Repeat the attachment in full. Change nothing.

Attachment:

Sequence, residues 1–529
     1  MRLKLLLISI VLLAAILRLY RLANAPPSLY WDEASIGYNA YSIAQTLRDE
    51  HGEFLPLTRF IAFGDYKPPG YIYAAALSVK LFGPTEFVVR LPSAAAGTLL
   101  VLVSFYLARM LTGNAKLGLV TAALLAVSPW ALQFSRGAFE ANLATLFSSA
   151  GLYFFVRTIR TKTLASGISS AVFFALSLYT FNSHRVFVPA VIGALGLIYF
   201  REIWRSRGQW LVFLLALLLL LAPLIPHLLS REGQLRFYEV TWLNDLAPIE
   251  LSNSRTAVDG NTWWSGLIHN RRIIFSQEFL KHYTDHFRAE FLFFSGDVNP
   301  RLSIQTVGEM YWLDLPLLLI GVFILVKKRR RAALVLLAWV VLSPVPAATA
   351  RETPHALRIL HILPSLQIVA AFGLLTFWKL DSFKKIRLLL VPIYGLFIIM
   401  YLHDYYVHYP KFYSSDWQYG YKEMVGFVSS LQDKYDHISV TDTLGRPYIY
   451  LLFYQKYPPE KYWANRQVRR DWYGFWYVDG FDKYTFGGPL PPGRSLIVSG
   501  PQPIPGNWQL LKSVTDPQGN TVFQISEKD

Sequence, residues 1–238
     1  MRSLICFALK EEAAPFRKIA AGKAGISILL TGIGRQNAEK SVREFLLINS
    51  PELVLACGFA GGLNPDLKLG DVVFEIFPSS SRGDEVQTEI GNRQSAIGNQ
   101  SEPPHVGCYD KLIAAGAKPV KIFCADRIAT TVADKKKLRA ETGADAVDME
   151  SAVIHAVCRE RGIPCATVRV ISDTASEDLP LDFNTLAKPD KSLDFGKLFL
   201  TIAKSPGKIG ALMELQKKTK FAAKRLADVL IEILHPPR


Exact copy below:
Sequence, residues 1–529
     1  MRLKLLLISI VLLAAILRLY RLANAPPSLY WDEASIGYNA YSIAQTLRDE
    51  HGEFLPLTRF IAFGDYKPPG YIYAAALSVK LFGPTEFVVR LPSAAAGTLL
   101  VLVSFYLARM LTGNAKLGLV TAALLAVSPW ALQFSRGAFE ANLATLFSSA
   151  GLYFFVRTIR TKTLASGISS AVFFALSLYT FNSHRVFVPA VIGALGLIYF
   201  REIWRSRGQW LVFLLALLLL LAPLIPHLLS REGQLRFYEV TWLNDLAPIE
   251  LSNSRTAVDG NTWWSGLIHN RRIIFSQEFL KHYTDHFRAE FLFFSGDVNP
   301  RLSIQTVGEM YWLDLPLLLI GVFILVKKRR RAALVLLAWV VLSPVPAATA
   351  RETPHALRIL HILPSLQIVA AFGLLTFWKL DSFKKIRLLL VPIYGLFIIM
   401  YLHDYYVHYP KFYSSDWQYG YKEMVGFVSS LQDKYDHISV TDTLGRPYIY
   451  LLFYQKYPPE KYWANRQVRR DWYGFWYVDG FDKYTFGGPL PPGRSLIVSG
   501  PQPIPGNWQL LKSVTDPQGN TVFQISEKD

Sequence, residues 1–238
     1  MRSLICFALK EEAAPFRKIA AGKAGISILL TGIGRQNAEK SVREFLLINS
    51  PELVLACGFA GGLNPDLKLG DVVFEIFPSS SRGDEVQTEI GNRQSAIGNQ
   101  SEPPHVGCYD KLIAAGAKPV KIFCADRIAT TVADKKKLRA ETGADAVDME
   151  SAVIHAVCRE RGIPCATVRV ISDTASEDLP LDFNTLAKPD KSLDFGKLFL
   201  TIAKSPGKIG ALMELQKKTK FAAKRLADVL IEILHPPR